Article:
Resistance changes when reversing leads for RTD device and potentiometer. Why?

Discussion in 'Test & Measurement Forum' started by ttttrigg3r, Jun 5, 2018.

  1. ttttrigg3r

    Thread Starter New Member

    Oct 14, 2016
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    So I have an resistance temperature detector (RTD) that when I measure the resistance, it's 100 Ohms, then when I switch the leads around and measure, it reads 95 Ohms. This is not a cheap part, it's being used by the Airforce, so why does the resistance differ when I just switch the leads around?
    This also happened on this precision potentiometer I bought. It's 200 Ohms and 3%. I set it to 100 ohms and measured. Then switched the leads around and measurements went off by 4 Ohms.
    These two things are basically resistors right? Why would just switching the leads around give a different reading?
     
  2. ericgibbs

    Moderator

    Jan 29, 2010
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    hi,
    Are the contact materials, at the point of measurement, the same on both contacts.?
    E
     
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  3. KeepItSimpleStupid

    AAC Fanatic!

    Mar 4, 2014
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    Switch the leads at the meter and not the device.
     
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  4. Reloadron

    Distinguished Member

    Jan 15, 2015
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    My guess and thinking runs with that of Eric and KISS in that if the actual alloys are not the same at the point of contact (your meter leads) you can get a thermal or Seebeck effect and depending on your ohmmeter the difference you see would be easily explained. Should that be the case then doing as KISS suggested should give the same reading. Swap the leads at the meter rather than the source.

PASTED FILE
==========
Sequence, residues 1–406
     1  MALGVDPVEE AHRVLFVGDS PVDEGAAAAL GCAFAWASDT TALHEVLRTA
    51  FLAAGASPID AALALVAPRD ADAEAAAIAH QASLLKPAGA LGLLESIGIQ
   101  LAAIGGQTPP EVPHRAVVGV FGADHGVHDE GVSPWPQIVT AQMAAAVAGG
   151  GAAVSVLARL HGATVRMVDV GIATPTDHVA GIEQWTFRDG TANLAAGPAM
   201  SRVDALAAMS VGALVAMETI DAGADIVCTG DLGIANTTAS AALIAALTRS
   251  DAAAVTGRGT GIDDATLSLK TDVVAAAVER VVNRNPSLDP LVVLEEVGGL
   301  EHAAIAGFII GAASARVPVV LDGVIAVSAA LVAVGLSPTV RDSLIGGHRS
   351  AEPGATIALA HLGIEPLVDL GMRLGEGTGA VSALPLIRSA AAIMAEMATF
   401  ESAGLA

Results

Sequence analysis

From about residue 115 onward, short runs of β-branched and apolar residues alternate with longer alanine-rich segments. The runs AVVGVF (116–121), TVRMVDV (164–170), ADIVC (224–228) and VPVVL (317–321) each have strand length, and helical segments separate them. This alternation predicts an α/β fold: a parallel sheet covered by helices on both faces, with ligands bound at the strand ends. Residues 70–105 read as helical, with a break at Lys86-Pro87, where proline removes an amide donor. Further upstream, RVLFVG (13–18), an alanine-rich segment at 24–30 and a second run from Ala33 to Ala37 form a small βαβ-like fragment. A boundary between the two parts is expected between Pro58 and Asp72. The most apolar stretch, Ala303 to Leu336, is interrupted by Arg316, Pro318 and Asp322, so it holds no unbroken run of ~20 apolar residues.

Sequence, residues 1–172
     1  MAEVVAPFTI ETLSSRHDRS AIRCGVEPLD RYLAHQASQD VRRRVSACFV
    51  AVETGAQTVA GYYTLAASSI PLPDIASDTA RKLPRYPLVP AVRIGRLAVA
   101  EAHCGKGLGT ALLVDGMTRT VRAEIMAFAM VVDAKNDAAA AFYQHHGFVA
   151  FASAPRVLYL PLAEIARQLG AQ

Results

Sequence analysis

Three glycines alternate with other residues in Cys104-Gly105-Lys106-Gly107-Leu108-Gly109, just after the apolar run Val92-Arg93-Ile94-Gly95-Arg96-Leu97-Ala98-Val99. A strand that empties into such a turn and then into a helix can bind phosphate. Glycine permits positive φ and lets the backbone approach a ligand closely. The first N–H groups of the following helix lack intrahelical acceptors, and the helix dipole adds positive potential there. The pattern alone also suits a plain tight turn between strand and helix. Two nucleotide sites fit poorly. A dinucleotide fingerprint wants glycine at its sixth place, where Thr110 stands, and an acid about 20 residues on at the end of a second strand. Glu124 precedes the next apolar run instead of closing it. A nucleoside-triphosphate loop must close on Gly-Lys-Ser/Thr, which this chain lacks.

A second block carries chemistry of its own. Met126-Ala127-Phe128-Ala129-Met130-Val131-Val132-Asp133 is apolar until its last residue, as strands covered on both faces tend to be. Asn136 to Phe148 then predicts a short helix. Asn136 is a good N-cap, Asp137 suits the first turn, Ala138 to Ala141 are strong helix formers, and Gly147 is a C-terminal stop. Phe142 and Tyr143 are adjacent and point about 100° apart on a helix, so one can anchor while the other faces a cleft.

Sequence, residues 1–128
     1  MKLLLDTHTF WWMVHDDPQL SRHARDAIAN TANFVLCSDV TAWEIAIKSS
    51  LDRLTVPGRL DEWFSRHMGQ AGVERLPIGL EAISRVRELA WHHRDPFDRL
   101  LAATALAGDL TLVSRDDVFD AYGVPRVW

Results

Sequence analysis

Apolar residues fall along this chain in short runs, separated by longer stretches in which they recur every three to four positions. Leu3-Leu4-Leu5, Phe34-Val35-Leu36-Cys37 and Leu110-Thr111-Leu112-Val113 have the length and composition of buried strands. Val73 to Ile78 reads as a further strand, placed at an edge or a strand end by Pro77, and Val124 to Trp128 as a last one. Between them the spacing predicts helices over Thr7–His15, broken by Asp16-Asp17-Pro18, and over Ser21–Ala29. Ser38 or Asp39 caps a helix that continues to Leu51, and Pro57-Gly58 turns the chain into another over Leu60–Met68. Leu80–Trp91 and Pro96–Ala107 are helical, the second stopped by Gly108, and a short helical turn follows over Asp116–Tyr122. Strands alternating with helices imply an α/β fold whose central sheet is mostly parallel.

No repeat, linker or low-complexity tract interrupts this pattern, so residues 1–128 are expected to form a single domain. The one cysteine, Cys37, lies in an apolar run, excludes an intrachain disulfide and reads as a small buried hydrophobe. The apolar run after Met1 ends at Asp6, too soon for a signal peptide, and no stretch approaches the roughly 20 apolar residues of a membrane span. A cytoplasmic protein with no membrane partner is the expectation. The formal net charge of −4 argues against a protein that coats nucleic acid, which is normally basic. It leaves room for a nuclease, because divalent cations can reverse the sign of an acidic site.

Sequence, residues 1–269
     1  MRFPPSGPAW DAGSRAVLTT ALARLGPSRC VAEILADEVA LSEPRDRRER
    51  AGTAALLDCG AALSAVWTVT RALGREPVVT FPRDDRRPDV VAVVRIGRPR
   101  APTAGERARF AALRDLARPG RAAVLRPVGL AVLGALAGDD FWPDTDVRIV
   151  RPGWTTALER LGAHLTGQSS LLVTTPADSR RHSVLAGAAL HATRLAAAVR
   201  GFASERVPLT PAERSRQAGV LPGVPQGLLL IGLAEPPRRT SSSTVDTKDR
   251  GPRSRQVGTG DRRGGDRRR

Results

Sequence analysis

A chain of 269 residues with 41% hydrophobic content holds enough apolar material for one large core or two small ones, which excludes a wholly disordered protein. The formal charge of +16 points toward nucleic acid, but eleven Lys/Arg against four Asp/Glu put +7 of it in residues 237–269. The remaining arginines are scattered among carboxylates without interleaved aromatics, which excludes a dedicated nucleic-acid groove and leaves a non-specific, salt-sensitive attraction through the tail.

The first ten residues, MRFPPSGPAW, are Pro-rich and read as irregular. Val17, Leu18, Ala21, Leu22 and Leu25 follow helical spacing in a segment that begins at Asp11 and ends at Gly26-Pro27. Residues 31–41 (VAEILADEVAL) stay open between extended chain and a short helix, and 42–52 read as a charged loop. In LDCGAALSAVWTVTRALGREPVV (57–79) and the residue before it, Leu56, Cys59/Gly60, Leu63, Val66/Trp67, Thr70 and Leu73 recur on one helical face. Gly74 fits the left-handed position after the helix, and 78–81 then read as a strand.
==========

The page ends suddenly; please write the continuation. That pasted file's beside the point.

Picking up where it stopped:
Ron
     
  5. WBahn

    Moderator

    Mar 31, 2012
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    But even if that solves the variance problem, it leaves the question open as to which one (if either) is "correct".
     
  6. WBahn

    Moderator

    Mar 31, 2012
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    How repeatable is this? If you switch the RTD back do you get 100 Ω again? Or was this a single measurement that might be explained by the RTD temperature changing, perhaps as a result of handling it?
     
  7. Reloadron

    Distinguished Member

    Jan 15, 2015
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    Yes, very true, but I was hoping to see if that was the problem before worrying about the which one is true. Sort of like having two watches and wondering the correct time. :)

    Ron
     
  8. KeepItSimpleStupid

    AAC Fanatic!

    Mar 4, 2014
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    I'm "more suspecting bad leads". Why? Swapping them at the meter would "generally" cause less disturbance.

    1-4 ohms is on the order of lead resistance anyway. I wanted to wait for an answer before commenting further.

    Do, take the leads one at a time and short to the other banana jack of the meter and wiggle the leads at the ends particularly. Also look for loose banana plug connections. Look at the probe connectors for signs of oxydation,
     
  9. ebp

    Well-Known Member

    Feb 8, 2018
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    Are these devices being measured out-of-circuit?

    What is the specification for test current for the meter?
     
  10. ttttrigg3r

    Thread Starter New Member

    Oct 14, 2016
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    It wasn't repeatable today. Yesterday, it was very repeatable. I'm suspecting because I was using the RTD and potentiometer all day long in a circuit and it warmed up? Today, went in and measured them cold, the resistance was virtually the same.
    I'm going to do some more testing today with these components and I'll try the swapping methods prescribed.
    Thanks all.
     
  11. ttttrigg3r

    Thread Starter New Member

    Oct 14, 2016
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    After a whole day of testing, I wasn't able to repeat the original measurements. Thanks for the help everyone. I'm going to pass it off as loose banana plugs or something because the problem went away after I took them out and put them back into the multimeter.
     
  12. kubeek

    Expert

    Sep 20, 2005
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    The range switch on a multimeter can also be the culprit, lately mine sometimes seems to require a good few rotations of the switch to get normal values.
     
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